News & Discussion: Adelaide Metro Buses

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Re: News & Discussion: Adelaide Metro Buses

#706 Post by SBD » Wed Oct 09, 2019 1:34 pm

Westside wrote:
Wed Oct 09, 2019 12:18 pm
Brucetiki wrote:
Wed Oct 09, 2019 8:59 am
Sealink has taken over the parent company of Torrens Transit.

https://indaily.com.au/news/business/20 ... -services/
East-West Buses will now run twice daily on Mondays, Wednesdays and Saturdays with a service on Sundays during school holidays. Bikes will be allowed on buses but will cost you an extra $240 each way.
Transit Systems' CEO Clint Feuerherdt will become CEO of Sealink Travel Group and own 2.6% of the company. Its co-founder and chairman Neil Smith will also join the SeaLink Board of Directors and own 15.3% shareholding of the company.

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Re: News & Discussion: Adelaide Metro Buses

#707 Post by PeFe » Wed Nov 13, 2019 3:35 pm

Some controversy over the awarding of bus on demand contracts for Mt Barker and the Barossa Valley.
From Auntie...
Wine region first to trial Uber-style buses in SA as Keolis Downer wins $1.7m grant

The Barossa and Mount Barker will be the first to receive a bus-on-demand service after the South Australian State Government awarded a $1.7 million grant to public transport provider Keolis Downer.

Key points:
Buses to be ordered through an app in a similar fashion to ride-sharing services like Uber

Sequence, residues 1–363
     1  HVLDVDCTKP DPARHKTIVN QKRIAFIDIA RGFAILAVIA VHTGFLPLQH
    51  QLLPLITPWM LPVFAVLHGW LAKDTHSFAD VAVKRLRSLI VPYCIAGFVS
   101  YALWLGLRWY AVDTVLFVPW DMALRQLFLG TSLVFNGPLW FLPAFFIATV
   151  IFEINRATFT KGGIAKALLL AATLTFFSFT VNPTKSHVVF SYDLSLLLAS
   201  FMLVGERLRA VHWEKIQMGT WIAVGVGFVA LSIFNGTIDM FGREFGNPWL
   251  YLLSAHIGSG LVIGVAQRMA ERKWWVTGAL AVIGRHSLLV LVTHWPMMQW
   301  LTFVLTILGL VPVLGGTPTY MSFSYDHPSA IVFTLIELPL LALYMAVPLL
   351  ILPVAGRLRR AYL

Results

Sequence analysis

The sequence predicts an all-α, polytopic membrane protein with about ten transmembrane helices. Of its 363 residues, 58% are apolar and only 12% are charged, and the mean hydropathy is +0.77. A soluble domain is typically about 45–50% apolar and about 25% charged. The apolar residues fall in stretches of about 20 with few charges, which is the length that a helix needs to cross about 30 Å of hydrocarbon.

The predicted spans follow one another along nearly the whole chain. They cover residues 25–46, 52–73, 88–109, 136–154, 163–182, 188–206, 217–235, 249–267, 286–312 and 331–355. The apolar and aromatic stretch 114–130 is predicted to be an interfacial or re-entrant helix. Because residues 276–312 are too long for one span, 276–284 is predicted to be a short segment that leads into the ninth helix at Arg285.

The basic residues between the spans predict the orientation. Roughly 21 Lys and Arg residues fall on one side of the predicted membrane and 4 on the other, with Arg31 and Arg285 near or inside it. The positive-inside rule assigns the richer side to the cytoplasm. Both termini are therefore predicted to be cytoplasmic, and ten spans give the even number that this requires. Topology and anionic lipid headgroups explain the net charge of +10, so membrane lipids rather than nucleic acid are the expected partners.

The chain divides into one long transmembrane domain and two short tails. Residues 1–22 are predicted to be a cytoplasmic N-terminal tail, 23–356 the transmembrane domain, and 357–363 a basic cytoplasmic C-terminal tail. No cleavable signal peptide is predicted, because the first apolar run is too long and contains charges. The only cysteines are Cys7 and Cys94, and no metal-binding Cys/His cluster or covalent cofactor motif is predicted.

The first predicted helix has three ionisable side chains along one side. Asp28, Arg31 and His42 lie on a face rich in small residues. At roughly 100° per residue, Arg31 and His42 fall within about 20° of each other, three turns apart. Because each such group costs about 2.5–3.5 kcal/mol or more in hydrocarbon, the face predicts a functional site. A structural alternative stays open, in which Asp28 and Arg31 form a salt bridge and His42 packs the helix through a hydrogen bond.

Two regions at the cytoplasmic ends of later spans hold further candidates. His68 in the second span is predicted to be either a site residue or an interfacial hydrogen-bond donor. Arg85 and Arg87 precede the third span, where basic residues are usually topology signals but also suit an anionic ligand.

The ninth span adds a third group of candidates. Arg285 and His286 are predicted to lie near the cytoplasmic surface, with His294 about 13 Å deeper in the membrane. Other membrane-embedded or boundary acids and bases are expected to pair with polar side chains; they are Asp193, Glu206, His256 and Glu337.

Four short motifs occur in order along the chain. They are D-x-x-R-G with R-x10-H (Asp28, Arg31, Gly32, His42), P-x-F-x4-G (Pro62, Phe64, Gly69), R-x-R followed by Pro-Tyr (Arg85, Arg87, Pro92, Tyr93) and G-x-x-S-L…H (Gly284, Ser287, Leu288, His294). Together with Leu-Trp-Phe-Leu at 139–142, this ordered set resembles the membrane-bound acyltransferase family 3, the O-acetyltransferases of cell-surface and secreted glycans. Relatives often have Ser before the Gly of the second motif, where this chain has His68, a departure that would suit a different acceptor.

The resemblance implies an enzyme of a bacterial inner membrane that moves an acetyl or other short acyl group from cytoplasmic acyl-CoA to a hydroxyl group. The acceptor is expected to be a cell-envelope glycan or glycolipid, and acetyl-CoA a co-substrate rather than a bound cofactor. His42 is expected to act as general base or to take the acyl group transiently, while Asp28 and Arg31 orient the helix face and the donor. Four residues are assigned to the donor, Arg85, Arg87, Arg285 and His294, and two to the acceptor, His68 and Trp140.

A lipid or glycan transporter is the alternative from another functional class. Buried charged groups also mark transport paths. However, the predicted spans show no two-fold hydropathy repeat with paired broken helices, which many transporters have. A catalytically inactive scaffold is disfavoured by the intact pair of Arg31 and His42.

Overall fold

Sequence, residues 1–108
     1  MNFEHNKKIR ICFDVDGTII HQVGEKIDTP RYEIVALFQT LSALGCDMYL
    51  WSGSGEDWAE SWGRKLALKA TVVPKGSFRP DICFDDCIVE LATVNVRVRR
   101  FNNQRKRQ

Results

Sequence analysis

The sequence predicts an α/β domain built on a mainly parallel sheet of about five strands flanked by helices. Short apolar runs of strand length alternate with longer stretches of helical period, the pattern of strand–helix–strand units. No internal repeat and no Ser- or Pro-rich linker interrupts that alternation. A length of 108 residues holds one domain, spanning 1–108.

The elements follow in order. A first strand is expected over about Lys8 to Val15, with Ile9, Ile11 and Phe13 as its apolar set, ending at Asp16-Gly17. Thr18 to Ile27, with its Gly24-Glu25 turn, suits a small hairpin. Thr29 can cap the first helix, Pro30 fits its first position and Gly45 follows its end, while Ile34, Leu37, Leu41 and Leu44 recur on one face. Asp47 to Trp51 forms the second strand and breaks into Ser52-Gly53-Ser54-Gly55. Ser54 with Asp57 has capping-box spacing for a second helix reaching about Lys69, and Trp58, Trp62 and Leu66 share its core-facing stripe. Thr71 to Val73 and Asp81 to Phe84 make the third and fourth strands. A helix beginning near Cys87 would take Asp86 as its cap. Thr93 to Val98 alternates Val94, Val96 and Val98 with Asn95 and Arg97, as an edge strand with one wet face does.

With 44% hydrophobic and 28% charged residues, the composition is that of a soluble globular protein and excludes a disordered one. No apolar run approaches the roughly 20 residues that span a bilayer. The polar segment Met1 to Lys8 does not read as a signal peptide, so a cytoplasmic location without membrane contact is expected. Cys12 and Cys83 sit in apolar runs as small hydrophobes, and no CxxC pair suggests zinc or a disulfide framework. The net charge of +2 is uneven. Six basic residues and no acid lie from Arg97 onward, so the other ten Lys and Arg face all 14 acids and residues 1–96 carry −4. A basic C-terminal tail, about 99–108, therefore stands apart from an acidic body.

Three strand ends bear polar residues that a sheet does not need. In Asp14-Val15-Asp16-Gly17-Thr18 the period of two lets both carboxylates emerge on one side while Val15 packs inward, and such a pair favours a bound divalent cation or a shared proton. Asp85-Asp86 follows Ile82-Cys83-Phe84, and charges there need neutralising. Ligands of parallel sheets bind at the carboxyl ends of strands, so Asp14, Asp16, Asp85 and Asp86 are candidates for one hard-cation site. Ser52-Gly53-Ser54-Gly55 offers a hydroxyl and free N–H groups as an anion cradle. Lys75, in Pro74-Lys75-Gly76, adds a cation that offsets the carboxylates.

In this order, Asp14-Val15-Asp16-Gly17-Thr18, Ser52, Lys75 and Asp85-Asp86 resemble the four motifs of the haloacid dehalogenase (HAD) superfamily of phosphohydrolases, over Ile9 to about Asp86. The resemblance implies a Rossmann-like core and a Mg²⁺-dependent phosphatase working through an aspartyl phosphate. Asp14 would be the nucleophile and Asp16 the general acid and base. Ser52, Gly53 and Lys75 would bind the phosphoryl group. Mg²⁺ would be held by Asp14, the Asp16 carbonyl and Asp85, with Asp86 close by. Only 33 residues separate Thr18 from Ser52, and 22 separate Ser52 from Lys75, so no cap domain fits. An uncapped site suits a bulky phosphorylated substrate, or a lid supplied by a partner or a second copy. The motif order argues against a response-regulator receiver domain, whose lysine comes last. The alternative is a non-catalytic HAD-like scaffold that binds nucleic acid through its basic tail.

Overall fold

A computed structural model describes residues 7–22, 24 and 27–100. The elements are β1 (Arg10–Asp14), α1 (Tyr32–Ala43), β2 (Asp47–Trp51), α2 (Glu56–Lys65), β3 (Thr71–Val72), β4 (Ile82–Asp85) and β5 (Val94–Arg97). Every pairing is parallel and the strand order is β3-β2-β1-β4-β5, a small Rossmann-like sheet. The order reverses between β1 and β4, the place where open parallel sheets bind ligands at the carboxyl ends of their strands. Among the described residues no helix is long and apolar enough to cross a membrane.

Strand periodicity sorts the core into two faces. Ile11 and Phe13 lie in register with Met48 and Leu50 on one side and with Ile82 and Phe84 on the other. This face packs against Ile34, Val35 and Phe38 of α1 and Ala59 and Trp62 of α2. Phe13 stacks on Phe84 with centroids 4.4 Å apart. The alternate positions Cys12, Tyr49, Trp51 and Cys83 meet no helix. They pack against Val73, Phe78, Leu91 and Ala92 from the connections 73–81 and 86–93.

Trial locations were chosen due to infrequency or non-existent services
The Opposition is questioning the relationship between the provider and the State Government
The two six-month trials will enable customers to book, track, and pay for a bus utilising a phone app in the same manner as ride-sharing services, although some walking is expected for pick-ups from key locations.

It follows trials in New South Wales where some 20 on-demand zones are active in the regions and across greater Sydney, with a one-way trip in the city costing about $3.10.

Transport Minister Stephan Knoll said his own electorate in the Barossa wine region had been chosen because it lacked a regular bus service linking towns together, while Mount Barker's fixed loop service in the Adelaide Hills ran on a "pretty low frequency".

"We think on-demand bus services work better in low frequency areas, which is precisely why we think these are good areas to trial this," he told ABC Radio Adelaide.

"There was an independent tender evaluation process that decided where the best areas were to do this ... they weren't chosen by me."

On-demand buses have been in service in Australia and overseas for decades, with many regional areas and dependent people relying on them as a key mode of public transport.

Gawler, at the edge of the Barossa for example, already has a dial-a-bus service that operates within allocated hours.

Tender closed to the public
Keolis Downer is a joint venture between the Downer Group (Australia and New Zealand) and French transport company, Keolis.